More than 100 HSE actions developed on foot of recommendations made in reports by Dr Gabriel Scally following the CervicalCheck controversy have been completed. The HSE was given responsibility for 116 out of the 170 actions arising from 58 recommendations in Dr Scally’s reports. To date, it has completed 105 actions, leaving 11 outstanding for completion, a HSE spokesperson told the Medical Independent.
The progress comes as the HSE prepares to introduce human papillomavirus (HPV) cervical screening at the end of March, which the Scally review noted would “significantly improve the accuracy of the screening process, increasing the chances of more cancers being prevented due to the detection of early changes”. The HSE says “significant resources” have been allocated to the HPV project, including communications, quality assurance, and laboratories.
But healthcare professionals have criticised the HSE for failing to increase staffing and facilities in advance of the introduction of HPV screening, a move which the Scally review said would “lead to more unnecessary referrals for further investigation”.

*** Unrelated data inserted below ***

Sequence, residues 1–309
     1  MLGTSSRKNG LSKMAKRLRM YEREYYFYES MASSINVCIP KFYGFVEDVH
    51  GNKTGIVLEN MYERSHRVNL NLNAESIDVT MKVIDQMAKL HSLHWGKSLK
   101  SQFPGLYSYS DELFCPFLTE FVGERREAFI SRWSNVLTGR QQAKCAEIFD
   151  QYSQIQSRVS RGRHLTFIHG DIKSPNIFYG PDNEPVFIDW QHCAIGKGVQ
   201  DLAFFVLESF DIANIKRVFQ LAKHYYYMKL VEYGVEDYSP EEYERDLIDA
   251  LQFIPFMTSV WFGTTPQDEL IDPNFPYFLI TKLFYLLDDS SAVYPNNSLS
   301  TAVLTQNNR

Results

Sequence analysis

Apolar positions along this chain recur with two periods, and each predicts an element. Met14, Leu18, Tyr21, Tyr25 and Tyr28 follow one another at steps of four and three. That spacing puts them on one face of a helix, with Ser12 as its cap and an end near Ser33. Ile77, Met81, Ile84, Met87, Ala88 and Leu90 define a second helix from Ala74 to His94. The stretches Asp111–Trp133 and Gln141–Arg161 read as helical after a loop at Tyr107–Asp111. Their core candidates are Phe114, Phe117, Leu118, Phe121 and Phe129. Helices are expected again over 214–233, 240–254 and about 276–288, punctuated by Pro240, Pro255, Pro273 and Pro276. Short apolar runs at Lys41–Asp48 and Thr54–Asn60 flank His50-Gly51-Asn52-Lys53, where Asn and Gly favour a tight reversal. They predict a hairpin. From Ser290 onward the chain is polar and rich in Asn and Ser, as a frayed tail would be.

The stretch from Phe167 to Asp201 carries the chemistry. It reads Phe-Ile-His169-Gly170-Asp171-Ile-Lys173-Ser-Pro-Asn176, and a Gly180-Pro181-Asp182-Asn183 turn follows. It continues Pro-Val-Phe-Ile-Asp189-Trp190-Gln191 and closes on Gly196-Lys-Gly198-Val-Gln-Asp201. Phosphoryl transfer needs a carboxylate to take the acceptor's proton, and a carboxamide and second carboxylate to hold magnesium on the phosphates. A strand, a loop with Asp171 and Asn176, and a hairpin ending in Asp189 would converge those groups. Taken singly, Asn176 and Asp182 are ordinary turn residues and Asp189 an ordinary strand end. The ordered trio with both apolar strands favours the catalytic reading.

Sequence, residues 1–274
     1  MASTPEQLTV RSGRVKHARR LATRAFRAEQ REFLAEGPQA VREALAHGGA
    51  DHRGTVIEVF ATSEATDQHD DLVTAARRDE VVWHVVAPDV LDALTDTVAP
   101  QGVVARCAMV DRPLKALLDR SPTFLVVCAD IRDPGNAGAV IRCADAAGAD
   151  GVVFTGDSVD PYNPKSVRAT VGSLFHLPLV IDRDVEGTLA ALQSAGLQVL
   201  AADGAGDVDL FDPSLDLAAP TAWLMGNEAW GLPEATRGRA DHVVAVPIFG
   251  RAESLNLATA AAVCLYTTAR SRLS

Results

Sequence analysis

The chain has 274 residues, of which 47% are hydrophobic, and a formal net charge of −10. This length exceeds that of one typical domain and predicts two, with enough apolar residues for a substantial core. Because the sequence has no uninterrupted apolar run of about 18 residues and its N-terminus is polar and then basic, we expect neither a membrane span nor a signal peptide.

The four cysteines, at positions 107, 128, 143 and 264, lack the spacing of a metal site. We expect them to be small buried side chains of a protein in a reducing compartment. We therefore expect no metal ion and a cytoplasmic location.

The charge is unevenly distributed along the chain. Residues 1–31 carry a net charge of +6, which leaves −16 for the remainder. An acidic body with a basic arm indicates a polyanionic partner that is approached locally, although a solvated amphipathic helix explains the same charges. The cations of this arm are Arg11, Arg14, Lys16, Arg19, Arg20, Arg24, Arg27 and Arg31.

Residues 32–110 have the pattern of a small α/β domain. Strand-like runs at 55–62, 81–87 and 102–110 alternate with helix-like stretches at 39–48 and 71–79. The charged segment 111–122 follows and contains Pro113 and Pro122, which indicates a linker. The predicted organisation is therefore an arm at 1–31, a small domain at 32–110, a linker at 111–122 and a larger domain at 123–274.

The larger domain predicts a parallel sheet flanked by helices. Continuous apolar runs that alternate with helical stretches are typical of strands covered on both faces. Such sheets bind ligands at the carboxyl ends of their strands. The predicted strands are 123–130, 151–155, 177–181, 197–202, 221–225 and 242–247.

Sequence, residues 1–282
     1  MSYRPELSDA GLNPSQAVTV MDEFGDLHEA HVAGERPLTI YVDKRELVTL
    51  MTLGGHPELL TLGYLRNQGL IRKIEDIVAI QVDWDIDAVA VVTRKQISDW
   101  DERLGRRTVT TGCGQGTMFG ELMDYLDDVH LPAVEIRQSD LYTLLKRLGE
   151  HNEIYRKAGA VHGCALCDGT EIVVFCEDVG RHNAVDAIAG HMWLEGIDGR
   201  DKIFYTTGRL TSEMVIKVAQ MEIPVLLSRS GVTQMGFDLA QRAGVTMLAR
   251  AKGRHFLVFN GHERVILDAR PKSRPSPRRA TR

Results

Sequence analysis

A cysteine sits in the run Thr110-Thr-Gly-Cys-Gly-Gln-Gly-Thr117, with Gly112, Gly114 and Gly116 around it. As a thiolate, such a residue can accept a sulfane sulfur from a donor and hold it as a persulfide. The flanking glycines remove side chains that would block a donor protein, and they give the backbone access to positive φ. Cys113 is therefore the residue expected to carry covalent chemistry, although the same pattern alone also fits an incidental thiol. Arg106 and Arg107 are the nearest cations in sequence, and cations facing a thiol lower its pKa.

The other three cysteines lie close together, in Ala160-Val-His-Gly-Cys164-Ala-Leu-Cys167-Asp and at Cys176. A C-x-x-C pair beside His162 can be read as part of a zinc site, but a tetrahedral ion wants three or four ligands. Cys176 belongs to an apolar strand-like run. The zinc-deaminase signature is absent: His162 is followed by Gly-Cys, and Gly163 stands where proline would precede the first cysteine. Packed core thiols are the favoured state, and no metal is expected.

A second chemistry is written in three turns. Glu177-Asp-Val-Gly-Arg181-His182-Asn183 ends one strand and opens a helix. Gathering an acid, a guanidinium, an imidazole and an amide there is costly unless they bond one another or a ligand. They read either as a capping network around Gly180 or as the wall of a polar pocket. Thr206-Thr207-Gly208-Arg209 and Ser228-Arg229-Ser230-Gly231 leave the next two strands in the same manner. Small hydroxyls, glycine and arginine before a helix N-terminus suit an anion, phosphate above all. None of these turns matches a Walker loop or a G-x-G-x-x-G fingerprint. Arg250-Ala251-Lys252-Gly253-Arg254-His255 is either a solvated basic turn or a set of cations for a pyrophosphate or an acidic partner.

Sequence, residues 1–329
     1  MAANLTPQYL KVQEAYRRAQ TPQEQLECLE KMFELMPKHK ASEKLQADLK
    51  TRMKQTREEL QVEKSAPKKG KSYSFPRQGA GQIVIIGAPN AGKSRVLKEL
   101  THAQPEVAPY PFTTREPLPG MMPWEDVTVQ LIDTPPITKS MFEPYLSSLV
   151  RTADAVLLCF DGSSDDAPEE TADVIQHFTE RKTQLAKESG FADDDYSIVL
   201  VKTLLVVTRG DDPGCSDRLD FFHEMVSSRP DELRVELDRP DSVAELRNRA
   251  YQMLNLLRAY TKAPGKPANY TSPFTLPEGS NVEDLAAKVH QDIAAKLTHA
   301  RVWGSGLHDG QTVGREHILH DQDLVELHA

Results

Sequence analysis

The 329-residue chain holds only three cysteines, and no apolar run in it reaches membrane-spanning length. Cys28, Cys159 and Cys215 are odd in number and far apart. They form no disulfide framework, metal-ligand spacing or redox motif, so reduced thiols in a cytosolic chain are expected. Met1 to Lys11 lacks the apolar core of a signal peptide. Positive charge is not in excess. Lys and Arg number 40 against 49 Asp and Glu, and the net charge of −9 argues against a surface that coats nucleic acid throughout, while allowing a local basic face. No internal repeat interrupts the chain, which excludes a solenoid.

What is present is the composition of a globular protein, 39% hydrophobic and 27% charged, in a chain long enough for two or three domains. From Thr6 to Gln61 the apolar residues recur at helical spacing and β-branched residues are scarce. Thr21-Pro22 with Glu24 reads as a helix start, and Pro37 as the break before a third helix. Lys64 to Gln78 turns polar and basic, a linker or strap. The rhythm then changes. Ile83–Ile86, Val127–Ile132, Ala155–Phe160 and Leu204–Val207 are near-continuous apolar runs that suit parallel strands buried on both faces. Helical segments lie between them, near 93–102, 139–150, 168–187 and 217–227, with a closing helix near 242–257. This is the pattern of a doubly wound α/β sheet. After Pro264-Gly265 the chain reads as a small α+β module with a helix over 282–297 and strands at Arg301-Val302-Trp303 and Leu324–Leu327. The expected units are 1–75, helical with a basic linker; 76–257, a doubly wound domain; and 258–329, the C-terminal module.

Under the new screening programme, at the first test women who are positive for HPV will either be tested again in 12 months’ time or referred to colposcopy for further investigation. According to a HSE spokesperson, the CervicalCheck programme is supported directly by 37 staff working in clinical, technical, managerial and support roles in both Limerick and Dublin, up from 29 in January 2018. HPV testing is being introduced after it was recommended in a 2017 HIQA health technology assessment. Information distributed to GPs by CervicalCheck in recent weeks states that in January, the programme ceased sending invitation letters to women to participate in the screening programme, with the exception of women who required a 12-month recall or a “failsafe” letter.
Once HPV screening gets underway on 30 March, CervicalCheck will recommence issuing invitation letters.